The comments on this article pretty much sum up everything I know to be true about Girl Scouts now:

Girl Scouts' Financial and Leadership Woes Threaten 100-Year-Old Group
2014-01-16 04:20:22 AM  
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2014-01-16 07:22:25 AM  
Full disclosure: I've been a BSA leader for 5+ years. Den leader, Cubmaster, Commissioner, Treasurer, Scoutmaster are some of the roles I've been in. I was also a trained GS Troop Leader as well. I left that position as there is no room for a male leader in Girl Scouts (unlike the Boy Scouts where the leadership is more inclusive.)

RapMstr:  My daughter (who is in HS and one of only three HS aged GS in our service area) has expressed jealousy in what her brother gets to do at camp.

Your daughter needs to look in to Venturing, the BSA co-ed program.

senoy: I think Girl Scouts have a branding problem and they don't understand their constituency. They also face the problem that all organizations for kids are dealing with in that kids are spread incredibly thin.

Boy Scouts addressed this issue by essentially returning to very conservative traditional roots. They emphasize outdoor activities and conservative values and they have a solid constituency because of it. Sure, it creates more than its share of enemies, but those aren't they people that were joining the Boy Scouts anyway. If you join the Boy Scouts, you know what you're getting. You're out in the woods building fires and setting snares with a bit of service thrown in for good measure.

The Girl Scouts tacked the other way and attempted to adopt a very progressive, feminist slant to their activities. The problem was that the people that join organizations like the Girl Scouts aren't really the same people that support very progressive policies. You ended up having a progressive leadership and a more conservative membership and that always causes issues. It's hard for most people to actually identify with Girl Scouts as anything more than those kids that sell delicious cookies for way too much. As an organization, if you can't sell yourself as more than a cookie peddler and offer a tangible benefit derived from membership in your organization, you're going to lose out to dance, soccer, gymnastics, basketball and everything else on a young girl's plate.

I have been saying this since my daughter joined GS.  This is reflected primarily in the  hierarchical arrangement of the BSA (National, Region, Area, Council, District, Troop or Pack, Patrol or Den) vs the communal arrangement of the GSA (National, Council, Community, Troop). BSA youth can move from unit to unit at the discretion of the unit leaders. GSA youth have little say in what unit they can join: it is directed by Council. My daughter was wait-listed for 6 months when she first wanted to join. When she wanted to move to a troop that her friend was in and that was in her own town (vs. one town over as she had been joining), it took more calls and signatures and waivers to make that happen. My son wanted to change packs because of a conflict with the meeting night. One form and $1 and it was done.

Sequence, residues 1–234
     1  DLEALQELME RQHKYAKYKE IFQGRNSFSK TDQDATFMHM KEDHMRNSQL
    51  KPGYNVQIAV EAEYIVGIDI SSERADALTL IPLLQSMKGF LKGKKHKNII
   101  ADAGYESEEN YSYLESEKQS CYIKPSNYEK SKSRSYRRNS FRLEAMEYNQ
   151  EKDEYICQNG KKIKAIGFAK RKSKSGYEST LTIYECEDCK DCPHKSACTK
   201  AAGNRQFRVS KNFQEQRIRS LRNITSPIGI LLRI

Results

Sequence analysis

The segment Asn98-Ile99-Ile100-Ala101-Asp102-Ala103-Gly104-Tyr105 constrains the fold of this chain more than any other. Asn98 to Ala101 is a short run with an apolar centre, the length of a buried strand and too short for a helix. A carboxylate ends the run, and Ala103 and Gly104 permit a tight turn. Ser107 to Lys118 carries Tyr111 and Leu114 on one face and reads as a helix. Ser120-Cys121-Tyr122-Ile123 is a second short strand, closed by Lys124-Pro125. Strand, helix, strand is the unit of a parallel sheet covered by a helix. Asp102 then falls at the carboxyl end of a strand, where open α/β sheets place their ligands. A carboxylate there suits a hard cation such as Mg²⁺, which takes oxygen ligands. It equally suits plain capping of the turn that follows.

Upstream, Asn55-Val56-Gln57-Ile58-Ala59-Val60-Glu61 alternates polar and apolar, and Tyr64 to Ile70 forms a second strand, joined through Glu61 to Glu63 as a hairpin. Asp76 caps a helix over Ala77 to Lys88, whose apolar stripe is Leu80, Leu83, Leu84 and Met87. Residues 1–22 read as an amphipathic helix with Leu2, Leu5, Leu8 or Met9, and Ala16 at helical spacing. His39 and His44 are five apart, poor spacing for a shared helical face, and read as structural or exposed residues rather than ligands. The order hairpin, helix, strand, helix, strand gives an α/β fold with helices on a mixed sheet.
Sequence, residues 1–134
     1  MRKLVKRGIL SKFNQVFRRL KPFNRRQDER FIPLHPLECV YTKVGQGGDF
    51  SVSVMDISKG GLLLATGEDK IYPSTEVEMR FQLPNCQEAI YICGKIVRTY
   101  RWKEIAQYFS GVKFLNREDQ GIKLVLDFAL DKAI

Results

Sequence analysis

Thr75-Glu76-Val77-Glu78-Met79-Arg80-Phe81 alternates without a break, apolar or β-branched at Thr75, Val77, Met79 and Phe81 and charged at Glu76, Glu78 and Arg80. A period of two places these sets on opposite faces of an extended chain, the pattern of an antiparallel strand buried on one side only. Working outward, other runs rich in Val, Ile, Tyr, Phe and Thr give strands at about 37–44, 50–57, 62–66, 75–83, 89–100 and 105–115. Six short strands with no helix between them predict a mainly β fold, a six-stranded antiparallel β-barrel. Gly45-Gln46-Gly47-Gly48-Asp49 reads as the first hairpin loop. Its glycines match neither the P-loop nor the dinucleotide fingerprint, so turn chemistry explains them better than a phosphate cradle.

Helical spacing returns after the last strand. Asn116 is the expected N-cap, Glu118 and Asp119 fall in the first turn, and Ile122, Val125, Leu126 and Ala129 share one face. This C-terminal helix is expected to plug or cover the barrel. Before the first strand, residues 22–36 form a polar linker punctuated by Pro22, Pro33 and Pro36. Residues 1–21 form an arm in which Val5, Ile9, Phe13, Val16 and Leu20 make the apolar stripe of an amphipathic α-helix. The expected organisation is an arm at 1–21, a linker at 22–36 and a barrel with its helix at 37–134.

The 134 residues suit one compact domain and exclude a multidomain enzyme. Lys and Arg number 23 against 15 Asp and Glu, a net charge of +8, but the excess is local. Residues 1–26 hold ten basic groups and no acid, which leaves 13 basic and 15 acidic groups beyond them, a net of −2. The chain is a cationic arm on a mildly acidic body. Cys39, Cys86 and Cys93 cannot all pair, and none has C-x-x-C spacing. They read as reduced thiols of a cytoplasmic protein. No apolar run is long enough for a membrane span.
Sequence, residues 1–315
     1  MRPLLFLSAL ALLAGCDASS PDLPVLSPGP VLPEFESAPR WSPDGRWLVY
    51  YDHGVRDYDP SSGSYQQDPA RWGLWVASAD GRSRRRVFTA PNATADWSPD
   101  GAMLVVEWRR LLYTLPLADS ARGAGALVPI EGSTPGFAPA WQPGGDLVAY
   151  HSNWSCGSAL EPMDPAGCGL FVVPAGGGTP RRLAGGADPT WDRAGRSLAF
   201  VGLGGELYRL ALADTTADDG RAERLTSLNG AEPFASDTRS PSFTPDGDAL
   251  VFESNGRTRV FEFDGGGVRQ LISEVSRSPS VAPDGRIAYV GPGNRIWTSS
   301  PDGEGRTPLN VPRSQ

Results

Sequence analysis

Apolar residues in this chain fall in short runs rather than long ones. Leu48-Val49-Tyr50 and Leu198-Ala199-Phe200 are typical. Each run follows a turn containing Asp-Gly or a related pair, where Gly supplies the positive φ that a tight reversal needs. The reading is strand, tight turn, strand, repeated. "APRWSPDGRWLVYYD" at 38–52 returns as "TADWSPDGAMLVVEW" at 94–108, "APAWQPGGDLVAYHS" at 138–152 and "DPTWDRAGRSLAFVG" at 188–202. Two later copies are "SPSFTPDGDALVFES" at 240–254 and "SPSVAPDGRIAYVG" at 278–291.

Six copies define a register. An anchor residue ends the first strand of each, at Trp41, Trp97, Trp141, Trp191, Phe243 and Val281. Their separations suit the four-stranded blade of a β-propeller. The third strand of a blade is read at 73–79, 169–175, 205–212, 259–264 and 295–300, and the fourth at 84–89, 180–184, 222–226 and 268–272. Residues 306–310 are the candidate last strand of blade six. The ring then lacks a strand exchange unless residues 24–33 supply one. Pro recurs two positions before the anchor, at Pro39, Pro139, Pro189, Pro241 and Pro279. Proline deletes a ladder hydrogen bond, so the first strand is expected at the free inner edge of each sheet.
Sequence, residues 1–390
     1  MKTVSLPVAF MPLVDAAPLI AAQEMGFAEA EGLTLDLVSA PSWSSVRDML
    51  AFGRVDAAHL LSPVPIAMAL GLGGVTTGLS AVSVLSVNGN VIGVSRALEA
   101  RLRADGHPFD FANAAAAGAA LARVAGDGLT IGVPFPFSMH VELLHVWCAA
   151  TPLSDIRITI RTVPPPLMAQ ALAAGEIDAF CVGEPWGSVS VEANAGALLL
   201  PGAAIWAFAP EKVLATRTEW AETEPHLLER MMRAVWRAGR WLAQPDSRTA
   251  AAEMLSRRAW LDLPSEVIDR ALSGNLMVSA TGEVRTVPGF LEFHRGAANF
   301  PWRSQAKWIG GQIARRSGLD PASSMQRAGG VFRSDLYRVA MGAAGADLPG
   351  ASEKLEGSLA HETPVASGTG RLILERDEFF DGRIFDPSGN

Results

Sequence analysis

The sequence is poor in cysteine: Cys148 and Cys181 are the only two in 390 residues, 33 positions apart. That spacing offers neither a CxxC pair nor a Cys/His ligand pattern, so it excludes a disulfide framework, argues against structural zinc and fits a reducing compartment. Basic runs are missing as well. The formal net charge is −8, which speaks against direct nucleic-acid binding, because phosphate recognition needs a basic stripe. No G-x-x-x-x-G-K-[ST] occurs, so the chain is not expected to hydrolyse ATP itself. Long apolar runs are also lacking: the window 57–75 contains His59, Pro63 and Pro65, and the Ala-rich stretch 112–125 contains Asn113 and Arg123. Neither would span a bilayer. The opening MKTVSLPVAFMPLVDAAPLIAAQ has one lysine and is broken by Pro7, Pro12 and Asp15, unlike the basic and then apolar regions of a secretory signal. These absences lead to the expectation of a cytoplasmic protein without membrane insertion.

Don't even get me started on financing. If a boy scout moves units, his Scout account follows him. If a Girl Scout moves unit, her Scout account GOES TO COUNCIL! (Unless the unit she was in disbanded.)

GS troops make about $.25 per box of cookies sold. BS troops/packs receive 35% of the popcorn sales made. Each unit then decides how much of that 35% is set aside for each scout: some do 50%, some 75%, some none (but do not charge any annual/monthly dues, provide uniforms and books at no cost to the scout, and subsidize camps).

Finally, in BSA, the units are owned wholly by the Charter Organizations. If a unit has a need, the org is responsible. If a unit disbands, the assets return to the org. The org has responsibility and investment in the Unit. The unit gives back to the Org in service.

The GS troop is owned by Girl Scouts of America. They are not tied to a charter organization. There is no 2-way investment in place. It's just a meeting place. As such, there is no recognition nor participation between the troop and community unless the troop feels like it. And they are rarely that motivated.

There are so many other areas that the BSA has it together and the GSA falls short. It doesn't matter. Because the over-arching attitude I've experienced from the GSA is: We don't care if it works. As long as the BSA does it, we will NEVER do it that way because boys drool, girls rule.
2014-01-16 02:13:00 PM  
The women where I work are shying away from GS for the reasons many have you have stated--the program itself is downplaying outdoorsmanship.

And at the same time our Boy Scout Troop is being pestered to let sisters of Scouts come along to the campouts and traditional activities because they see their brothers learn to shoot guns, proper ways to use knives, build things out in the woods, learn to canoe, and cook around open fires.

/Scout leader for 11 years.
//Oldest son getting Eagle this weekend.
///Second son getting Eagle this summer.
2014-01-16 10:16:15 PM  
Our closest camp -- which is extremely basic -- wants an average of $50 for a single day "camp" (like a two hour event) and about $300 for a three-day overnight camp. If you ask about the cost, the response is that "other similar camps are far more expensive."

I led for a few years. I know the cookie money our scouts earned were just enough to keep the troops above water (meeting place, craft supplies, etc.) but the Service Units and higher levels have enough money for salaried employees. Surely if they want people to use the camping facilities, they could alleviate the cost for starters.

Oh and when a camp promises archery, your daughter expects archery. You show up and there's no archery and you ask about it, you get the cold shoulder. The problem isn't that the girls don't want to camp. It's that they rarely want to camp twice.